We met with the French Bee team to take stock one year after the opening of the Orly – San Francisco – Tahiti route.
For the occasion, we exchanged with Muriel Assouline, its Managing Director and Sophie Hocquez, its Commercial Director.
Launching a new low-cost airline without any brand recognition is a challenge and our interlocutors do not deny it!
Nevertheless, they are satisfied with the results after one year of operation and confident about the future.
One of the main selling points for French Bee is the quality of its fleet. It’s a low-cost company but Assouline insists that all aircrafts are new and up-to-date. The Airbus A350 benefits from last technological enhancements in terms of cabin pressurization, fuel consumption, and sound level. The comfort and safety of the passengers come first. We feel a real passion for technology talking to her…
Sophie Hocquez speaks more readily about the pricing policy that was initially tested on the Paris – La Réunion line, before being applied to Orly-SFO-Tahiti.
The message is simple, everything is à la carte: “Imagine a family taking the same basic rate but with different options for each family member; no need to buy 23 kg of checked luggage for each child for instance… or it is not because one travels low cost, that one will not take the priority boarding option” she says.
Hocquez confirms that understanding the benefits of the brand is fast for French customers. Seducing the American clientele is another story.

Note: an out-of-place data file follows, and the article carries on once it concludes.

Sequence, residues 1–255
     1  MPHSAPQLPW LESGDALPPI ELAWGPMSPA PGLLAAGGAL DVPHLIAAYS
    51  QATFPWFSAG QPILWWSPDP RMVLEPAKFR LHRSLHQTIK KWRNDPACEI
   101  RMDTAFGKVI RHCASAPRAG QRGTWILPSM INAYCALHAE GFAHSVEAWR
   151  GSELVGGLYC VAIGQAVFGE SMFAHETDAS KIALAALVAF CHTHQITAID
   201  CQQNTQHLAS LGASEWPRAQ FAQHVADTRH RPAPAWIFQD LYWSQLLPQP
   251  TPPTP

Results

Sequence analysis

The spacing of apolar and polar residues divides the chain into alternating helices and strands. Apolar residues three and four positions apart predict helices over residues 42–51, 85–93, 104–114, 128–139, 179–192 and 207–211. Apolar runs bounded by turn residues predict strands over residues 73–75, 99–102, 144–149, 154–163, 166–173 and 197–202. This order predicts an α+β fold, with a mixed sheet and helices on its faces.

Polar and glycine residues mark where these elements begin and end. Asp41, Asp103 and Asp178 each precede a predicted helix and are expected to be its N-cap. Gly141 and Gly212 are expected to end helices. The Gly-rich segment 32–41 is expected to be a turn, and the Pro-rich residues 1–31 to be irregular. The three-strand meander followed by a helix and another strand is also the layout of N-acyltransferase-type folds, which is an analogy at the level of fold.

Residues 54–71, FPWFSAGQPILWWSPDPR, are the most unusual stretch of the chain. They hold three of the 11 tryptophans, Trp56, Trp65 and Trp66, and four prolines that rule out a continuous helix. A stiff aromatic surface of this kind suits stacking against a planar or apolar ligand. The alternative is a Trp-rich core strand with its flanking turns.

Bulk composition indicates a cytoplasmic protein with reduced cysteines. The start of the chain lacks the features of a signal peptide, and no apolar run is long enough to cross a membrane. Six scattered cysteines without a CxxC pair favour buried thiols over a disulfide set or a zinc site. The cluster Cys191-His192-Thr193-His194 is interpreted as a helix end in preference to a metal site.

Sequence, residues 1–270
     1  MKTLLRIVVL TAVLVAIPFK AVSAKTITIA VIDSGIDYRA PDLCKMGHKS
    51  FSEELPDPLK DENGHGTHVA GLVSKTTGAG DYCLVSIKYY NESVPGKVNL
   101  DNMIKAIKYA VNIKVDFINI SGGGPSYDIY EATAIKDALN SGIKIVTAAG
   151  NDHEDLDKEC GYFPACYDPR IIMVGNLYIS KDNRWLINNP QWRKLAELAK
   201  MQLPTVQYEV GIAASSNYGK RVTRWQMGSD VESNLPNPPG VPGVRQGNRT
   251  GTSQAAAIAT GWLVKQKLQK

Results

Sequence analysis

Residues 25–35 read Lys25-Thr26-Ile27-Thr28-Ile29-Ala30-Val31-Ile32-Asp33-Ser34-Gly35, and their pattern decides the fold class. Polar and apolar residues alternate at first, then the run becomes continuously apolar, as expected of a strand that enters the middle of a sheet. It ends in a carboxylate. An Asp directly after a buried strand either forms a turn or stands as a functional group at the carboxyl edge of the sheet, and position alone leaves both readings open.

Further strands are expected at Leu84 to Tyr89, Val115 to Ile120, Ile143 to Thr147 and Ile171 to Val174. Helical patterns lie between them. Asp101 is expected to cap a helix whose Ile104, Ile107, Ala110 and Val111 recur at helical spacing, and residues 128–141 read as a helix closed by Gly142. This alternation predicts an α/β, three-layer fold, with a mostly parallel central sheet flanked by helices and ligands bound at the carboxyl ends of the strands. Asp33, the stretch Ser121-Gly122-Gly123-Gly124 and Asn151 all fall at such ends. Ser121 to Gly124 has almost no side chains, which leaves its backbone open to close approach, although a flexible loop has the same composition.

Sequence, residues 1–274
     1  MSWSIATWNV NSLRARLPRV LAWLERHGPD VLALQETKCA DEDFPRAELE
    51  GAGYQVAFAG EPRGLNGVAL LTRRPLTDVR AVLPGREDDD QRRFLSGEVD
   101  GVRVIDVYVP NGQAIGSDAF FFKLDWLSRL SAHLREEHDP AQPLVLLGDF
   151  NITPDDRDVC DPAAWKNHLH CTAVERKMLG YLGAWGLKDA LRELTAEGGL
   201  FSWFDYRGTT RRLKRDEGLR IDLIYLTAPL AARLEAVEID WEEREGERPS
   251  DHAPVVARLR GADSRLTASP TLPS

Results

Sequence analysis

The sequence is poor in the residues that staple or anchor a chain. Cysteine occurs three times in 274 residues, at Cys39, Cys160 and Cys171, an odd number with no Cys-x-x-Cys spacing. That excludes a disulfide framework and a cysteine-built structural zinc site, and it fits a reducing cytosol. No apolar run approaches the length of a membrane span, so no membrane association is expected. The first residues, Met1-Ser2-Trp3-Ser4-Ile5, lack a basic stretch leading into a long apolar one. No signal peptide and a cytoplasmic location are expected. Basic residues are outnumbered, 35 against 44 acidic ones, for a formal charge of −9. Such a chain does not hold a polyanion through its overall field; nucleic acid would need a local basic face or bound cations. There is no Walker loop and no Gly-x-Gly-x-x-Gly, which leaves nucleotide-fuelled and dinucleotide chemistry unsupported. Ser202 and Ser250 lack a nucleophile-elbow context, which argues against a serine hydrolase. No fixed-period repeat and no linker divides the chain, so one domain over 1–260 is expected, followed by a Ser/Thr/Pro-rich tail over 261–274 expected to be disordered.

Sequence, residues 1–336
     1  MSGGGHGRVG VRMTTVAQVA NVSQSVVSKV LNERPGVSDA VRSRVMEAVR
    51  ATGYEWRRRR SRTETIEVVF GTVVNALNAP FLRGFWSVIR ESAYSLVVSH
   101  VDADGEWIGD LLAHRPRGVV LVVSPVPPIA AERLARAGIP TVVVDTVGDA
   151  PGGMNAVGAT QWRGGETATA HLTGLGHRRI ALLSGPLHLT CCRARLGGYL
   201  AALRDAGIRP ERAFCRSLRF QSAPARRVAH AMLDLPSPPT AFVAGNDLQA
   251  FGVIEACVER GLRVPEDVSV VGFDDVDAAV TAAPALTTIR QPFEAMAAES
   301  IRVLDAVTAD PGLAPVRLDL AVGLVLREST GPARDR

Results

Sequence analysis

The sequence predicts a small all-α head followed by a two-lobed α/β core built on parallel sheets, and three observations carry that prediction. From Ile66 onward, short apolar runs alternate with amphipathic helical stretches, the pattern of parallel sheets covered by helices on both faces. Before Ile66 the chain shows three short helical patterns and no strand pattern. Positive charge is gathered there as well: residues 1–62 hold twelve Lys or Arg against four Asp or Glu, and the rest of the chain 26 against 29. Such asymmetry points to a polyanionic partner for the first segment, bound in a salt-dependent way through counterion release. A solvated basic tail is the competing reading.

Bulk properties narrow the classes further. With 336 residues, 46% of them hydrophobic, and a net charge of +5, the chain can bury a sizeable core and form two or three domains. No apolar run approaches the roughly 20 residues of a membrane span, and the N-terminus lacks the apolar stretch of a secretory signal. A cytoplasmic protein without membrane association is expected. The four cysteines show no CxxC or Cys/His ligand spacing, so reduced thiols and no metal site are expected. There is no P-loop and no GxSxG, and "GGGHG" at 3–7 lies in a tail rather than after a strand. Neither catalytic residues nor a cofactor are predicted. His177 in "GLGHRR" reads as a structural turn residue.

Flying to Paris is a no-brainer when the price is right, but the Tahiti destination requires a little more effort to sell.
She leverages our conversation to highlight that Papeete is only a two-hour longer flight than Hawaii and by comparison provides a much more exotic experience!
After its first year of operation, the results are good enough for French Bee to announce that from September 2019, the three flights per week that run during the Summer months, will be maintained over the Winter months.
But how does French Bee resist on the sidelines of the recent downward spiral of low-cost airlines?
Being part of the Dubreuil group (a multi-business group of 3500 people for a turnover of 1.5 billion in 2015) is probably part of the answer.
Unlike most low-cost companies that have flourished in recent years, the Dubreuil Group is a family-owned business, obviously tightly managed … “a plane a year but a new plane” says Muriel Assouline.
See you in a year, ladies and Happy Birthday French Bee!